‘Mr. Kavanagh.’ She extends a long-fingered hand to me once I’m upright. ‘I’m Clarissa Grey. Are you all right? Would you like to sit?’
So young – and attractive, very attractive. She’s tall, dressed in a fine gray suit, white shirt, and black tie with unruly dark copper-coloured hair and intense, bright gray eyes that regard me shrewdly. It takes a moment for me to find my voice.
‘Um. Actually – ‘ I mutter. If this woman is over thirty, then I’m a monkey’s uncle. In a daze, I place my hand in hers and we shake. As our fingers touch, I feel an odd exhilarating shiver run through me. I withdraw my hand hastily, embarrassed. Must be static. I blink rapidly, my eyelids matching my heart rate.
‘Mr. Kavanah is indisposed, so he sent me. I hope you don’t mind Ms. Grey.’
‘And you are?’ Her voice is warm, possibly amused, but it’s difficult to tell from her impassive expression. She looks mildly interested but, above all, polite.
‘Andrew Steele. I’m studying English literature with Ken, um … Kenneth … um Mr. Kavanagh, at WSU Vancouver’
‘I see,’ she says simply. I think I see the ghost of a smile in her expression, but I’m not sure.
‘Would you like to sit?’ She waves me toward an L-shaped white leather couch.

Interesting questions, I think, include:

  • What is striking about this version which isn’t in the original, and vice versa, and what does that suggest about our common understandings of masculinity and femininity?
  • What kind of woman and man do we imagine Clarissa and Andrew to be (compared with Christian and Ana)?
  • What impact would other changes have on our reading of the text? (e.g. making it a ‘same-gender’ relationship, having the student as the dominant person and the rich CEO as the submissive, switching the backgrounds such that Ana has the history of abuse and adoption rather than Christian, or altering other dimensions such as age, class, race, body-type, etc.)?

Thirsty for more? Try reading:

Sex Critical?

There’s a great new blog up by a colleague of mine called Sex Critical.

In the first post the author defines what they mean by the term which is an attempt to move beyond the dichtomy of ‘sex positive’ and ‘sex negative’. New sex-related phenomena (such as the recent 50 Shades trilogy, or any new ‘sexualised‘ trend amongst young people) tend to be met by two responses: either criticism of the ways in which the phenomenon reproduces and reinforces problematic gender roles, and often coercive or violent sexual practices (sex negative), or defence of all sexual practices and erotic materials as liberatory, with an emphasis on people having freedom to choose what they do sexually (sex positive).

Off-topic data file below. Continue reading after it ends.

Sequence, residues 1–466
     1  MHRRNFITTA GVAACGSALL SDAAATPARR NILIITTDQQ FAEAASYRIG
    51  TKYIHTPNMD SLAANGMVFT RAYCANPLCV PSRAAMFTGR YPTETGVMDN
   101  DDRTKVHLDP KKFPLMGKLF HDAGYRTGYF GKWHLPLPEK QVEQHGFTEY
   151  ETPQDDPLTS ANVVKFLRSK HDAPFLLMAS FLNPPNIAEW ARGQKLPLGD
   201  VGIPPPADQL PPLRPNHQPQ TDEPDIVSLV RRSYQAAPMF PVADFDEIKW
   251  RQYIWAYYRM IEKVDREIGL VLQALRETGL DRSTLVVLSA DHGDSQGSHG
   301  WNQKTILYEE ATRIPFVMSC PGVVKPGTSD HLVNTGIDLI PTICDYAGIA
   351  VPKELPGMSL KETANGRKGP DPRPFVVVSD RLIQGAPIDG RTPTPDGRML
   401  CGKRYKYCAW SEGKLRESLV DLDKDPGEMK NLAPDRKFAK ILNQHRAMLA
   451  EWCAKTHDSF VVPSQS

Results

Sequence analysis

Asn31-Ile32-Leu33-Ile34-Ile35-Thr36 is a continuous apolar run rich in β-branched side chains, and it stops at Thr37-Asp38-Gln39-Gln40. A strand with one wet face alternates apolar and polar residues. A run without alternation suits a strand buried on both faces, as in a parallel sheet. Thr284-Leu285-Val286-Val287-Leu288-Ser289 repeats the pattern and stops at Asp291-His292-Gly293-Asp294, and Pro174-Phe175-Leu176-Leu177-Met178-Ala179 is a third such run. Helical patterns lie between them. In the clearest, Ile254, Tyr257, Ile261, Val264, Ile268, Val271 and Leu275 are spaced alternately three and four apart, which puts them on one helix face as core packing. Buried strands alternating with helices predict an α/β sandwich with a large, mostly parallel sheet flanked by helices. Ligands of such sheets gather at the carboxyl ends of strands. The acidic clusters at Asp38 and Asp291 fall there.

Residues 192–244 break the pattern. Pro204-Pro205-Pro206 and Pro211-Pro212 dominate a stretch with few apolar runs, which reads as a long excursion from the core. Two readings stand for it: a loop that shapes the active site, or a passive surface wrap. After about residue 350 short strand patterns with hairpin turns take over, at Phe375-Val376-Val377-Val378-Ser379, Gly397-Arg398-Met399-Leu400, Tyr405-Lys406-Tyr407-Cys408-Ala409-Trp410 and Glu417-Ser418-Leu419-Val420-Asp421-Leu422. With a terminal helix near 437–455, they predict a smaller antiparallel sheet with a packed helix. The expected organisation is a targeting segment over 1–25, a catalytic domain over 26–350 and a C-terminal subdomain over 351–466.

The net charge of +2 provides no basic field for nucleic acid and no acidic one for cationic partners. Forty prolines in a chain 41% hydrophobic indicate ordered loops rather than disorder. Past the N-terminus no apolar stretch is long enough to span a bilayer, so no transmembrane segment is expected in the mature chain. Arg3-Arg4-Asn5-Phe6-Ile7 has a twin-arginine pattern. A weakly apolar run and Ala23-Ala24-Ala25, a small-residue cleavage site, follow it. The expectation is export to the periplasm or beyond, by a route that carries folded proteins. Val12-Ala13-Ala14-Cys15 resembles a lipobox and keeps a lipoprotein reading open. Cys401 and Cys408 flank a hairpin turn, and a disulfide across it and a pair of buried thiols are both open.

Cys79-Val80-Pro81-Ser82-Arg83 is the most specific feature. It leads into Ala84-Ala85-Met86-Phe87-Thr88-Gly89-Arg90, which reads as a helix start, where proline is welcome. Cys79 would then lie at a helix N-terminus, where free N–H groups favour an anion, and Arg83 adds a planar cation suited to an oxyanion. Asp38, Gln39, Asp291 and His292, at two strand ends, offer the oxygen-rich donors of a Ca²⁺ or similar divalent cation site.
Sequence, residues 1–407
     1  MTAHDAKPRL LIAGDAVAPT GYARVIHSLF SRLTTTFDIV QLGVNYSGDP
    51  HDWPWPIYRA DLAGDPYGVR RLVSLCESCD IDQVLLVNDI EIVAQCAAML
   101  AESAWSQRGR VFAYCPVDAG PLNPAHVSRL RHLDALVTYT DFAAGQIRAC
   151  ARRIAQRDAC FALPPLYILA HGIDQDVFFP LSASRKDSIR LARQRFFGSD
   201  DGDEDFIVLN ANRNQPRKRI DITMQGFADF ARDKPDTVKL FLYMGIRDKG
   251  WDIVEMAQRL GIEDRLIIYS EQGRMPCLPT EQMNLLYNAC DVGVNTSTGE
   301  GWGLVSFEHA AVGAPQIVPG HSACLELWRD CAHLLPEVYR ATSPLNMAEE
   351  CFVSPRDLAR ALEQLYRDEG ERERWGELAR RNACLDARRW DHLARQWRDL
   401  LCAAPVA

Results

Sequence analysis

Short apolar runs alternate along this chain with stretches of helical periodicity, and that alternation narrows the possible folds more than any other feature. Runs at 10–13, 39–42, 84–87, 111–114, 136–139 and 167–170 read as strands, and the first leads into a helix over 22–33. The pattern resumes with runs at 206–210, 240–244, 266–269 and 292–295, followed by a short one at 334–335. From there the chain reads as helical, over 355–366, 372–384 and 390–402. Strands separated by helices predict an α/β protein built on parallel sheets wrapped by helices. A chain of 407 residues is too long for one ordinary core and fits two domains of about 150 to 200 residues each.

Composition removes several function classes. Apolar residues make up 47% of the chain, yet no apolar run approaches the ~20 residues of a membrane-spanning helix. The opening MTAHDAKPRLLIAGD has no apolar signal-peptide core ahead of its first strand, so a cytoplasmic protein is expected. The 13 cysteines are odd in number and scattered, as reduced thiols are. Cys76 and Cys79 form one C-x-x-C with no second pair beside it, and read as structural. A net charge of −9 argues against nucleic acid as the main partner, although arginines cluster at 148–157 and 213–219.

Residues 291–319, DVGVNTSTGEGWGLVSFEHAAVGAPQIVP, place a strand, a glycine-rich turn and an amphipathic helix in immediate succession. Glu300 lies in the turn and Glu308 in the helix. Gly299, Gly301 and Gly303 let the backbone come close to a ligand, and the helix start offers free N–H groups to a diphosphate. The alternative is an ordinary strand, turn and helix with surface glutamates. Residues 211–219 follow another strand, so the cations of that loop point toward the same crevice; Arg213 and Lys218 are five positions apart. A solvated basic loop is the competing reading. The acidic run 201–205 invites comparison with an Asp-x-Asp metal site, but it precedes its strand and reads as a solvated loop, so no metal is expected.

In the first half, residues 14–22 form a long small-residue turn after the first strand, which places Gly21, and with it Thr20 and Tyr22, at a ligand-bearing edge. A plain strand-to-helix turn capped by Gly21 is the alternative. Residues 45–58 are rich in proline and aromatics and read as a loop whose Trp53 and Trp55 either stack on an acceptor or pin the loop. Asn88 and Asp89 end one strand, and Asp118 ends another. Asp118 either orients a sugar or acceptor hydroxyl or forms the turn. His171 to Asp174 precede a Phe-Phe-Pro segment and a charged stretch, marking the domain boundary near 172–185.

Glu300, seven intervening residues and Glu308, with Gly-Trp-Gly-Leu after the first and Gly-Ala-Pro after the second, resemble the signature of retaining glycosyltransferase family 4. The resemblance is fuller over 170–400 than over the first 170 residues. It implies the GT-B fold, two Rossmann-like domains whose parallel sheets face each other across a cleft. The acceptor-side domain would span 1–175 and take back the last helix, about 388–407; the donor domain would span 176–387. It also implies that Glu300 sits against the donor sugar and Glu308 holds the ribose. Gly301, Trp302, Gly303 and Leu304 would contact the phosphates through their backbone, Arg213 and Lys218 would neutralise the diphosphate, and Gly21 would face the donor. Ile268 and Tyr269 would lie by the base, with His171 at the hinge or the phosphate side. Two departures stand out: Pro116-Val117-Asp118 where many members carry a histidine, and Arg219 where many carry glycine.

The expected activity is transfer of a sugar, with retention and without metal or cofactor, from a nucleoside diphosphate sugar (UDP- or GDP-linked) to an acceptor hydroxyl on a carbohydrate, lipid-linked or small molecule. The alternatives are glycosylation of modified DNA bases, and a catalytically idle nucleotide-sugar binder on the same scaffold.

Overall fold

[Note: as Radtransfem, commenting on Sex Critical, points out, it is also often the case that the ‘sex’ in ‘sex negative’ and ‘sex positive’ actually means different things. For example, in ‘sex negative’ what is meant is often ‘objectifying-women-negative’ and in ‘sex positive’ what is meant is often ‘diverse-sexual-practices-positive’]

The author of Sex Critical argues for an alternative position to sex negativity/positivity – being sex critical – whereby all sexual representations and practices are considered equally critically. This is an important point because it tends to be non-normative sexualities (such as sadomasochistic sexual practices or lesbian, gay and bisexual sexualities) that are subject to scrutiny in wider society, whereas people rarely question the sexualities that are considered to be ‘normal’. It is also important because there is a tendency for some ‘sex positive’ writers to assume that all sexual representations and practices are inherently good and liberatory, when actually there might be reason to question the ways in which they operate, and problematic norms that may be present.

So being sex critical we wouldn’t assume that any sexual representation or practice was beyond question, or inherently  positive. Rather we would ask questions about it such as how it fits within wider culture, what ideologies it upholds, and whether it really offers any kind of truth about who we are (something that is often assumed about sexuality).

Sex Critical is written by a humanities scholar, so is perhaps more focused on representations of sexuality than on our own sexual practices. From a psychology/therapy perspective I am interested in how the idea of being sex critical might be useful in people’s daily lives. My chapter on sex in Rewriting the Rules certainly has a sex critical flavour as I question how people might be constrained by the cultural rules about what kinds of ‘good’, ‘normal’ or ‘great’ sex we should be aspiring to, and then look at the possibilities that are opened up, and closed down, by various sexual communities who understand and practice sex in different ways to this (e.g. bisexual, sadomasochistic, erotic fan fiction, and asexual communities).